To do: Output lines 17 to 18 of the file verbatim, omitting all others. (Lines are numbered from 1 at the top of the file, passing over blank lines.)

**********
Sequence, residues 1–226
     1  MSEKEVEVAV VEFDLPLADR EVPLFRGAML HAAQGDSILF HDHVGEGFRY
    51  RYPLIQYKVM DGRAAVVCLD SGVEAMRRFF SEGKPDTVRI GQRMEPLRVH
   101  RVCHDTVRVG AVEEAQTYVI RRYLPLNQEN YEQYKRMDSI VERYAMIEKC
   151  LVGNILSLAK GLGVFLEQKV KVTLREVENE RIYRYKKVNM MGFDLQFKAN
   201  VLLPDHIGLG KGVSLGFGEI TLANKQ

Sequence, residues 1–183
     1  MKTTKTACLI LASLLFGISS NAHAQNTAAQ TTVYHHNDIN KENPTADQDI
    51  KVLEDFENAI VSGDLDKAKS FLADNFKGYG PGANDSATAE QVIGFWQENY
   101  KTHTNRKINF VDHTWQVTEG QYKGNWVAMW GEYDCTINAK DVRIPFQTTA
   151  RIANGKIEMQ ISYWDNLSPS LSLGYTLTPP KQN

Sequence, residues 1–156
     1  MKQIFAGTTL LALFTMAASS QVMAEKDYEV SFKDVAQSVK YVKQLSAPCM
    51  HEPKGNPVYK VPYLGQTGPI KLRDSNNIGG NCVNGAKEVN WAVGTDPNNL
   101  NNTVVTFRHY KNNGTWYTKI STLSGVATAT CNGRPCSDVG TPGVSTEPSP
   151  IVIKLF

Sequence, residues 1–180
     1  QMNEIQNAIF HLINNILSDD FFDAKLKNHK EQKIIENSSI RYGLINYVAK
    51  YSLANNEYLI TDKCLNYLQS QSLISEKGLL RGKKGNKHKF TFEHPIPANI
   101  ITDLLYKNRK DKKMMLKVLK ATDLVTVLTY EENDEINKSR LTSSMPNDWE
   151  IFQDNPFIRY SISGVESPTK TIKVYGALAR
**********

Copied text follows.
Sequence, residues 1–180
     1  QMNEIQNAIF HLINNILSDD FFDAKLKNHK EQKIIENSSI RYGLINYVAK